nodes. After all the `oj functions have completed their
tasks, the outputs are transferred to 1cdncc function(s). The
1cdncc function accepts an intermediate key and a set of
values for that key as its input. The 1cdncc function is also
user defined. User decides what to do with these key and
values, and produces a (possibly) smaller set of values
1cdncc /cy
2
. 1i:t .onc
2
! 1i:t .onc
2
.
The original MapReduce software is a proprietary system
of Google, and therefore, not available for public use. For our
experiments, we considered two open source implementa
tions of MapReduce: Hadoop [19] and CGLMapReduce [20].
Hadoop is the most widely known MapReduce architecture.
Hadoop stores the intermediate results of the computations
in local disks and then informs the appropriate workers to
retrieve (pull) them for further processing. This strategy
introduces an additional step and a considerable commu
nication overhead. CGLMapReduce is another MapReduce
implementation that utilizes NaradaBrokering [21], a stream
ingbased content dissemination network, for all the
communications. This feature of CGLMapReduce eliminates
the overheads associated with communicating via a file
system. Moreover, Hadoops MapReduce API does not support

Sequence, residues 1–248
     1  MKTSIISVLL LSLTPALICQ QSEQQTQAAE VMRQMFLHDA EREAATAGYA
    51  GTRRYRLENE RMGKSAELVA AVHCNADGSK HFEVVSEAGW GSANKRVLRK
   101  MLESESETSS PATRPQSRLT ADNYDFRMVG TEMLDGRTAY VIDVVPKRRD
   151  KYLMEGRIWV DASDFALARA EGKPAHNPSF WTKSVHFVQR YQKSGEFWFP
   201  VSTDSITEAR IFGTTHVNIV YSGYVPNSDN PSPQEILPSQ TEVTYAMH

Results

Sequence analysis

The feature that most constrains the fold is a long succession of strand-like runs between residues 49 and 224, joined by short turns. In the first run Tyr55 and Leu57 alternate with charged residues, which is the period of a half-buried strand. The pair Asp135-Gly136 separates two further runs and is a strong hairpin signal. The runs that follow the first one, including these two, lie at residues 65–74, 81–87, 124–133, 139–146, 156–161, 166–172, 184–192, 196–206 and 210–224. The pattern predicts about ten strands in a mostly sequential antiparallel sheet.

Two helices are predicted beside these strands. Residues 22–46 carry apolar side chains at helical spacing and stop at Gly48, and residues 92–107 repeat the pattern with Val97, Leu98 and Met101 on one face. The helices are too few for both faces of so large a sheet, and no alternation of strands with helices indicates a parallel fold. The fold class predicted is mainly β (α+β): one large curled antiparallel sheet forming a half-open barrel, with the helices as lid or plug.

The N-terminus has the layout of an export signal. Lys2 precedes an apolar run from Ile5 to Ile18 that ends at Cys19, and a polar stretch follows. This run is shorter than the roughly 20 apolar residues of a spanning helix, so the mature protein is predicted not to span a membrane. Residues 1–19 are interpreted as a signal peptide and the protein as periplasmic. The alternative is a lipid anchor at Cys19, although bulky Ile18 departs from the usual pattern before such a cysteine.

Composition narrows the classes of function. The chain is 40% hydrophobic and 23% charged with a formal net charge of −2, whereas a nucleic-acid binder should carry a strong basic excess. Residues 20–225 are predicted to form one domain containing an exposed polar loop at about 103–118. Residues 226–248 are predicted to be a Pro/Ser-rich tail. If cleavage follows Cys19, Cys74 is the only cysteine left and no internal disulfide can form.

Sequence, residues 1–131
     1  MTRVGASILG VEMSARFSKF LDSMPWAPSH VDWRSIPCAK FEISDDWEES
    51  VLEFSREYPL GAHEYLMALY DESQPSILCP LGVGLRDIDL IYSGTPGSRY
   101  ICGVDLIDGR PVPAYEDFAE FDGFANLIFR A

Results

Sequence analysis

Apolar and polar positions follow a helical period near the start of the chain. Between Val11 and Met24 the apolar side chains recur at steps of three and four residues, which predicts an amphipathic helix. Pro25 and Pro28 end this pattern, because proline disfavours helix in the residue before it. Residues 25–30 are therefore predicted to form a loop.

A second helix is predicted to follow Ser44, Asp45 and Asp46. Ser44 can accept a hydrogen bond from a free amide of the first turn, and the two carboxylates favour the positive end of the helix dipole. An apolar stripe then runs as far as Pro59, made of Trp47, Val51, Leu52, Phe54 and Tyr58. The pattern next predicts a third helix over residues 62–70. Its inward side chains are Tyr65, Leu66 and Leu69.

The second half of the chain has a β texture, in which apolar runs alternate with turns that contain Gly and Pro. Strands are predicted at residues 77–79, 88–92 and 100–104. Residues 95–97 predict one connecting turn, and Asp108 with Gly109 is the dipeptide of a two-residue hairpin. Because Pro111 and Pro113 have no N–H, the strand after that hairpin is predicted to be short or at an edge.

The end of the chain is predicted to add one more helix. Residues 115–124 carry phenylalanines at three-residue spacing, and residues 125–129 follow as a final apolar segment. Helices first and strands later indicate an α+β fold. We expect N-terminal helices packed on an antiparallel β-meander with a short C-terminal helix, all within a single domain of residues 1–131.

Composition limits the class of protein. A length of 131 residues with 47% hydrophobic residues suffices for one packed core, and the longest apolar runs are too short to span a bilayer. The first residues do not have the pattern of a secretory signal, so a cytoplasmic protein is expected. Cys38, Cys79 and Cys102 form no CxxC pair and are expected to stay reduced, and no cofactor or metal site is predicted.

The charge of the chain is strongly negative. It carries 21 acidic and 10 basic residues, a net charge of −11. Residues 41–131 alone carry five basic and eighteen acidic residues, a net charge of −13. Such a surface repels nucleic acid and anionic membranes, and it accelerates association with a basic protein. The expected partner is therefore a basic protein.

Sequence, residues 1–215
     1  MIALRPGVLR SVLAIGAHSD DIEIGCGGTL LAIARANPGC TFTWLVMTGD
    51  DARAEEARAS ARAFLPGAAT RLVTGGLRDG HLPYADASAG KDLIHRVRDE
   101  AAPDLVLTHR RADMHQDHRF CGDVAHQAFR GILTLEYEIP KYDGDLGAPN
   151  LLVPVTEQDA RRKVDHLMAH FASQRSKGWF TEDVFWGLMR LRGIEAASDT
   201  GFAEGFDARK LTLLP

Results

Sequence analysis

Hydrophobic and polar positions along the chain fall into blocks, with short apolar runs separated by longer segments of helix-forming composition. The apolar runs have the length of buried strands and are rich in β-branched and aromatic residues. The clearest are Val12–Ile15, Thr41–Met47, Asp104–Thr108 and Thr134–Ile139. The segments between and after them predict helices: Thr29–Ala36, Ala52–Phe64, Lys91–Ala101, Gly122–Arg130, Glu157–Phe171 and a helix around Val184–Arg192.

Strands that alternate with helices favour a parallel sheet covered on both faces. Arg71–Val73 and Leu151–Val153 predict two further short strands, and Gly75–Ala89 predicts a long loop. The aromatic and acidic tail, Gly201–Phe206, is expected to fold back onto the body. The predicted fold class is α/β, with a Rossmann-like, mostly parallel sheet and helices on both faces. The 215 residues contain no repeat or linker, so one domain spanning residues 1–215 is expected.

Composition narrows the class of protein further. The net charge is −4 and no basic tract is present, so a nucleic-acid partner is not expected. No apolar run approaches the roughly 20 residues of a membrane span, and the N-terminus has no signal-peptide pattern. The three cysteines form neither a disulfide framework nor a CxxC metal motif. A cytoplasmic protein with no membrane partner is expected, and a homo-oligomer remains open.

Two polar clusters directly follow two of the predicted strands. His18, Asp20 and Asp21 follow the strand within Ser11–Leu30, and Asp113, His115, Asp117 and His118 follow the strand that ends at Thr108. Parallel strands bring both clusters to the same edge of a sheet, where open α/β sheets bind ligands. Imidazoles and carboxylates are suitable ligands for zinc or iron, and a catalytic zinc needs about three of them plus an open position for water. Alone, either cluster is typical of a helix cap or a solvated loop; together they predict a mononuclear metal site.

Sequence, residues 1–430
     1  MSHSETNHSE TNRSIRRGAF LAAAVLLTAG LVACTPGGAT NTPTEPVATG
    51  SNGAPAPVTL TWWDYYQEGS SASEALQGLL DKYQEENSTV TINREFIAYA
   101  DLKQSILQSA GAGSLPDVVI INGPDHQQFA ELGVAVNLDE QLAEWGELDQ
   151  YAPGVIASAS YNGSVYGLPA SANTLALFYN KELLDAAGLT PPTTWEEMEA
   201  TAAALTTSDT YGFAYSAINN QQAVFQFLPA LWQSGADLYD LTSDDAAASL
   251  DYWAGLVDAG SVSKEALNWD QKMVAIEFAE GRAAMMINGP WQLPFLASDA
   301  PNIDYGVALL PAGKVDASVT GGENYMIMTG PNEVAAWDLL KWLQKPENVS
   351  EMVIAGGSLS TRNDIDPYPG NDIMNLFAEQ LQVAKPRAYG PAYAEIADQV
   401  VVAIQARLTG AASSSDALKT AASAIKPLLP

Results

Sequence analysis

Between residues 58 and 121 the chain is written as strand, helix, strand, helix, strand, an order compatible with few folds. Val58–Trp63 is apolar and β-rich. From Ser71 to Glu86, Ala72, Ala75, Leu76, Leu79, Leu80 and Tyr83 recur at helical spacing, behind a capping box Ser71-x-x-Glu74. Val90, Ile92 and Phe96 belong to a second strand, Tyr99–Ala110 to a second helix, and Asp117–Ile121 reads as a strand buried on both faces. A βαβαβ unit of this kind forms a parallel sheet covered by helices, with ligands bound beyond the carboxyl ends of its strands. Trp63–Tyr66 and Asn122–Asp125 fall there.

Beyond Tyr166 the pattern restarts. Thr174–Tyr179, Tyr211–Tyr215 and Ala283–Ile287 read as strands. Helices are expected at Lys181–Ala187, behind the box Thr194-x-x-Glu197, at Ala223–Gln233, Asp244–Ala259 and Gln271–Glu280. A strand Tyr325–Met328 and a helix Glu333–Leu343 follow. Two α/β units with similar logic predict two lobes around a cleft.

configuring a `oj task over multiple iterations and hence,
in the case of iterative problems, the `oj task needs to load
the data again and again in each iteration. For these reasons,
we have chosen CGLMapReduce for our implementation
and experiments.
5.1 MapReduceBased Implementation
Fig. 1 shows the work flows of ADABOOST.PL, LOGIT
BOOST.PL, and MULTBOOST in MapReduce framework. Each
of the `oj functions (Algorithms 5 and 7) represents a
worker having access to only a subset of the data. For
ADABOOST.PL (or LOGITBOOST.PL), each of the ` `oj
functions runs respective ADABOOST (or LOGITBOOST)
algorithm on their own subset of the data to induce the set
of weak classifiers (or regression functions). LOGITBOOST.PL
has an additional step of calculating the unweighted error
PALIT AND REDDY: SCALABLE AND PARALLEL BOOSTING WITH MAPREDUCE 1909
Fig. 1. MapReduce work flow for: (a) ADABOOST.PL, (b) LOGIT
BOOST.PL, and (c) MULTBOOST.
rates. Then, the base classifiers (or functions) are sorted.
These weak classifiers (or functions) along with their weights
are transmitted (not applicable for LOGITBOOST.PL) to the